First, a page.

WALESA DEMANDS MORE EXECUTIVE POWERS FROM SEJM. On 8 May President
Lech Walesa asked for stronger executive powers, saying the relationship
between himself, government and parliament is like the "Bermuda
Triangle." In a 25-minute speech to the Sejm, he said the government's
inability to handle urgent issues is killing hope among Poles
and causing Western creditors to lose faith in the country. Walesa
urged the deputies to start working on an interim "small constitution"
that would clearly state the powers of the president, the government,
and the parliament. He also urged a system of legislation that
would speed up the passage of economic reforms. Later, Walesa
told newsmen he expects parliament to act on his proposals within
one month or he will turn to the public to rally support for
himself. Western and Polish media carried the story. (Wladyslaw
Minkiewicz)

RUMORS OF POSSIBLE RESIGNATIONS IN POLAND. On 9 May Polish officials
denied a report broadcast on the TV program "Panorama" that the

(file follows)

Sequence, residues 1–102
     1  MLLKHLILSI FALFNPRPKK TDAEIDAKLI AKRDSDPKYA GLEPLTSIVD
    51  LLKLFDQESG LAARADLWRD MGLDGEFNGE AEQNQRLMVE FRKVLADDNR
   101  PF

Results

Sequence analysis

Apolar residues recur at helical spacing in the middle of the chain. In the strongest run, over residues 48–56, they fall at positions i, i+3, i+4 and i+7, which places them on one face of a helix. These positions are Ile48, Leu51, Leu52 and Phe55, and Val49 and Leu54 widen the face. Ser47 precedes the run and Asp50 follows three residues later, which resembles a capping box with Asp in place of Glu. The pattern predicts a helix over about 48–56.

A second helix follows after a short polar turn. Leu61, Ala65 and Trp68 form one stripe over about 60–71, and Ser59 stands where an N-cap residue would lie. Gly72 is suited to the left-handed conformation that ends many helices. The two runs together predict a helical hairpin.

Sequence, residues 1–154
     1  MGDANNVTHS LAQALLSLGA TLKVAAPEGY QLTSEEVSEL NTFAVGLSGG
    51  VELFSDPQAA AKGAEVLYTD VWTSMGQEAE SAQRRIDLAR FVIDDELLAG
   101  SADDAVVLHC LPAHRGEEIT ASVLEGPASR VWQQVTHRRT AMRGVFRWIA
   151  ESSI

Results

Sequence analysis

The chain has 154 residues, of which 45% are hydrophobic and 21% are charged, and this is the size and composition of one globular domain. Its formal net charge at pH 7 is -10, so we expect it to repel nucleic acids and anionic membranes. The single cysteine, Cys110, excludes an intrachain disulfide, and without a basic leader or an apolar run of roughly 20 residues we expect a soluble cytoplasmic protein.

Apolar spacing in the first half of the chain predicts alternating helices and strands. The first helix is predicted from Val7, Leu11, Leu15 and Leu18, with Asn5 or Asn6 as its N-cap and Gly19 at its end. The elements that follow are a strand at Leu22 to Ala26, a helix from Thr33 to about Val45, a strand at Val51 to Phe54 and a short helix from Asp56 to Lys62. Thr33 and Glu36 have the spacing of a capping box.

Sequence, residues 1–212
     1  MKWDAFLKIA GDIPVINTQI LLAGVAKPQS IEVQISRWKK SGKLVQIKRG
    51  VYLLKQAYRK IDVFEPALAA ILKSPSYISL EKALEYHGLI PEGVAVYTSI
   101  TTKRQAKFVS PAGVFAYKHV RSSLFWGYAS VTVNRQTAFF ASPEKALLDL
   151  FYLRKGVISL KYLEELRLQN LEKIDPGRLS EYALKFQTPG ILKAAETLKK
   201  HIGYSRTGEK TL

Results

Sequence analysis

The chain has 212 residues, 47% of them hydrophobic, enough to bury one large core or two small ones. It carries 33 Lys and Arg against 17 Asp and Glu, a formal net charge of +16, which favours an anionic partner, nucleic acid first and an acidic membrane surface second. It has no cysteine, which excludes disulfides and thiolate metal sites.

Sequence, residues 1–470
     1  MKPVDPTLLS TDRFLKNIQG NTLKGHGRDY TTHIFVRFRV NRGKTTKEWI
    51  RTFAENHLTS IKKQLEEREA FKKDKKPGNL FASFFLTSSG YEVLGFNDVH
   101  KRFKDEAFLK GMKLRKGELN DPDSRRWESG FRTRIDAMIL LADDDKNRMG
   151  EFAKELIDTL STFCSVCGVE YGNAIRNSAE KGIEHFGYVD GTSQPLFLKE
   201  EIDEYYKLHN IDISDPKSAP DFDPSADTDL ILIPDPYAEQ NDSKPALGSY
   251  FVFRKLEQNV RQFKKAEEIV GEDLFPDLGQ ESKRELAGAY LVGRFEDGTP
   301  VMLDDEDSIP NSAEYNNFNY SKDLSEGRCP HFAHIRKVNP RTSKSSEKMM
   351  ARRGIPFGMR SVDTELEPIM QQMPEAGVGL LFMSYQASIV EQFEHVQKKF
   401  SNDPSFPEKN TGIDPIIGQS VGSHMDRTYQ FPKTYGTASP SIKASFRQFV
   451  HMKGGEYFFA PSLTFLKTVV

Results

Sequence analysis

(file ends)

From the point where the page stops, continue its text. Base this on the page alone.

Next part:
government intends to resign. The program quoted unofficial sources
as saying that Prime Minister Jan Olszewski had met Parliament
Speaker Wieslaw Chrzanowski to discuss resigning. The sources
indicated that the premier might be replaced by Chrzanowski himself.
Later, Chrzanowski told PAP that "as a politician I support the
government of Prime Minister Jan Olszewski," adding he was not
conducting any meetings involved in changing the government.
(Wladyslaw Minkiewicz)

CHRISTIAN DEMOCRATS LEAVE POLISH COALITION. The Party of Christian
Democrats has decided to withdraw support for the Olszewski government,
Polish media report. The party press office says this does not
signify that it is joining another coalition nor that it is undertaking
activity aimed against the government. The decision to withdraw
support for the government was influenced by Olszewski's absence
during the president's speech in parliament, which the party
views as an event of great significance. Since the party has
only four deputies in the Sejm, its withdrawal from the government
coalition is more symbolic than practical. (Wladyslaw Minkiewicz)


ROMANIA'S EX-KING URGES RETURN TO MONARCHY. Some 4,000 demonstrators
rallied on 10 May in Bucharest for the return of the monarchy.
One day earlier TV broadcast a call from Switzerland by ex-king
Michael saying that the return to constitutional monarchy is
the only way to break finally with communism, reinforce democracy